LAFAYETTE — Comeaux coach Jeremy Whittington said he figured the Spartans could execute well against a young Lafayette High team.
Comeaux dominated the first quarter, jumping out to a 12-2 lead led by Jordan Foster’s six points in the opening period. Foster finished with a game-high 19 points as the Spartans ran away with the 61-41 win.
“From the beginning, I felt like we could run our stuff pretty good,” Whittington said. “I felt like our offense, when we are sharp, we can execute against good teams. We got some easy buckets against their zone, and then they had to get into man (-to-man). That is what we wanted.”
Foster not only led the team with 19 points, but his seven blocks were a big reason the Lions never got closer than six points after the first quarter. Whittington said Foster is slowly understanding how much his 6-foot-8 inch frame can change the game.
“(Lafayette) didn’t get to the rim because of Jordan Foster,” Whittington said. “Every time a guy went in there, they were changing their shot and he dominated the glass on both sides.
“He went on the offensive board, and he by himself changed the game a lot. He was protecting our basket. He is starting to realize he is the big guy, and he can take control of a game.”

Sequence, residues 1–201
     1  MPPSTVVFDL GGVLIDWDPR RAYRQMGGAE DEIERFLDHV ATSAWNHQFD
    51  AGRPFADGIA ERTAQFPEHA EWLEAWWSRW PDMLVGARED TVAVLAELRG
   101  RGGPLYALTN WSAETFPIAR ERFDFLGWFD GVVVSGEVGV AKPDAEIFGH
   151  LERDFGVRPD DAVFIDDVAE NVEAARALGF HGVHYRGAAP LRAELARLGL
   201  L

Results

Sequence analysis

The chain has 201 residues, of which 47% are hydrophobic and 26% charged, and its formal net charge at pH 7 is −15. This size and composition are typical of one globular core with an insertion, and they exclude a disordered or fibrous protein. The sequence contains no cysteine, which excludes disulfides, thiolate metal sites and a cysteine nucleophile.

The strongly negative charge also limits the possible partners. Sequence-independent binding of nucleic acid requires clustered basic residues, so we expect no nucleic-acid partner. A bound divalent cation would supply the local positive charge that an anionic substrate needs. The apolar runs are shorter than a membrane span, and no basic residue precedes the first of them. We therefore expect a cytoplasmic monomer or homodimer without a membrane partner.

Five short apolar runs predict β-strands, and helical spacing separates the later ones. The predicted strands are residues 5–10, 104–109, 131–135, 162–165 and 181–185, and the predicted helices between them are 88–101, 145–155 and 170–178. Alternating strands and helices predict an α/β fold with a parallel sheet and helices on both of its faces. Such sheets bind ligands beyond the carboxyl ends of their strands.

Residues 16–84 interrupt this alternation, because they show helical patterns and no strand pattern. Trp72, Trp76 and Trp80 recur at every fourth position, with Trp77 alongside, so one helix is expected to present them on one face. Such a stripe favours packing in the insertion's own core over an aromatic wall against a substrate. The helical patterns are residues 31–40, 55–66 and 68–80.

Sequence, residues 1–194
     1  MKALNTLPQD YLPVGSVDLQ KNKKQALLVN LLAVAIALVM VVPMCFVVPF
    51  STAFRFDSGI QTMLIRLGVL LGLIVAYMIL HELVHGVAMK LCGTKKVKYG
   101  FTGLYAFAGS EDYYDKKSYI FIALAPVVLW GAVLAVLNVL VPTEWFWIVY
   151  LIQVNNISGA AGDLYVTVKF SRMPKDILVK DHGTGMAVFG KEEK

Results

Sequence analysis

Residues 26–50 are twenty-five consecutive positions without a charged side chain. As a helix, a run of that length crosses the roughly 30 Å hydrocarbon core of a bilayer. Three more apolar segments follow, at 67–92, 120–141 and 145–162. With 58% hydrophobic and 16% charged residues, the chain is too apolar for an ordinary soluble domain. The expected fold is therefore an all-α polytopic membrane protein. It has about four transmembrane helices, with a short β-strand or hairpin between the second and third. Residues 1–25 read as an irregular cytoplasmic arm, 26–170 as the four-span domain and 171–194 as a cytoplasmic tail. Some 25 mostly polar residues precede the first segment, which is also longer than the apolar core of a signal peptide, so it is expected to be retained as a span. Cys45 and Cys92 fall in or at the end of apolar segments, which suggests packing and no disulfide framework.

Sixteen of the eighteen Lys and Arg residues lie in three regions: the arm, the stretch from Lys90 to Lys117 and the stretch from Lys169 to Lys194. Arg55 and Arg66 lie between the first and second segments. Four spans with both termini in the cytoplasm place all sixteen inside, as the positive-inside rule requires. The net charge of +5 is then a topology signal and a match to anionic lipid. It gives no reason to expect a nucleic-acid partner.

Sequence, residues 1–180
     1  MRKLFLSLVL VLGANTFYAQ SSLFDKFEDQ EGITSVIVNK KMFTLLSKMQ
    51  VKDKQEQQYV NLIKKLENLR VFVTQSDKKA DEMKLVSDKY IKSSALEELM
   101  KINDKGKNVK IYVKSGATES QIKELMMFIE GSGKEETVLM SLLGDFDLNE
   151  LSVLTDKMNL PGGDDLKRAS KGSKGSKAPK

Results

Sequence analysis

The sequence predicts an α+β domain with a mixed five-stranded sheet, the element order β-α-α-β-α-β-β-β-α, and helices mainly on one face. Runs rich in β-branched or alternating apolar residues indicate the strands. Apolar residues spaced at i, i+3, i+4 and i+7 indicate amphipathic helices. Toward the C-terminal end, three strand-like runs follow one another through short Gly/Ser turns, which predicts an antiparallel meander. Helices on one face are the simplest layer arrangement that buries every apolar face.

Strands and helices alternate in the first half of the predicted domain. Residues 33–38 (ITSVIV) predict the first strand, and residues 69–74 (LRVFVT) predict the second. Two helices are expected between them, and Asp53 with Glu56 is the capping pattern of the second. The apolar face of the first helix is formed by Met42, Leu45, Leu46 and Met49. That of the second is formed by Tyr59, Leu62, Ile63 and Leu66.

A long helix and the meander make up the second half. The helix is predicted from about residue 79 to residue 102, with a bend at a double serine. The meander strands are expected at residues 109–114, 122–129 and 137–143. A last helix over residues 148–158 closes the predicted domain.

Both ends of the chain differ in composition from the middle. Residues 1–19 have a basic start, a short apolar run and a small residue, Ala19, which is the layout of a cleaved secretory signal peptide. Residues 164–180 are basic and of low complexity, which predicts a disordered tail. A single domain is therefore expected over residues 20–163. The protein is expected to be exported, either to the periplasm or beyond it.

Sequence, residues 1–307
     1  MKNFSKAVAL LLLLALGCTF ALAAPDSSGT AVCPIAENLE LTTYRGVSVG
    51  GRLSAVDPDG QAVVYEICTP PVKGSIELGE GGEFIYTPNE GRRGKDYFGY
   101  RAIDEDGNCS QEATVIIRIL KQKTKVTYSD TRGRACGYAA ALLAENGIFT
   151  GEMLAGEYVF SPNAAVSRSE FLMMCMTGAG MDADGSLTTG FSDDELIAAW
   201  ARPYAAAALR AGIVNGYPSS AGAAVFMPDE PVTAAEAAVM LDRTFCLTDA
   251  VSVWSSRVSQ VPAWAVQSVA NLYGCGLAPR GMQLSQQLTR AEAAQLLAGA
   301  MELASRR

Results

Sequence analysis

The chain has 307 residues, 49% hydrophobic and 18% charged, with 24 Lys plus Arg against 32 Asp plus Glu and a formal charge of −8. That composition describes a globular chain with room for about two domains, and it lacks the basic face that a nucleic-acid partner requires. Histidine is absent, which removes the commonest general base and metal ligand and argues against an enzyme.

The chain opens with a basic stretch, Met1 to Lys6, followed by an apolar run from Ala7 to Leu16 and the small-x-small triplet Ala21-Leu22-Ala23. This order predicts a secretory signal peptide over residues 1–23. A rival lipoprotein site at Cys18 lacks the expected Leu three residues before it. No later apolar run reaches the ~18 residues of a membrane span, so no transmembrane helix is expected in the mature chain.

Ferontay Banks added 12 for the Spartans and Devaughn chipped in 11. Whittington said the speedy Banks goes “100 miles an hour,” and he said slowing him down has been a work in progress.
“(Banks) is a jet, and when he slows it down, we can be effective,” Whittington said. “When he is out there going all out with our big guys, we don’t look all that good. He is beginning to understand that we need to run something and run it now. We need possessions that are quality and having him understand that when we want to run something for an easy bucket, we can.”
Whittington said his team had a poor shooting night but was still proud of the effort. He said he feels like the offense is improving, and the team is committed to what is effective.
“There are going to be nights when you fly out there and you can hit shots,” Whittington said. “You want to come down, get your clock ran and extend your lead. We didn’t shoot the ball well from outside (Friday night), and if we can pound the ball in there, we will.
“We may shoot two, three or four of them, but after that, I really don’t have to say anything. Jordan is coming over and saying, ‘hey, let’s get me the ball.’ Our kids know, and they’re committed to get the ball down low. To beat Lafayette High by 20 on a night we didn’t shoot well, I am proud of that effort.”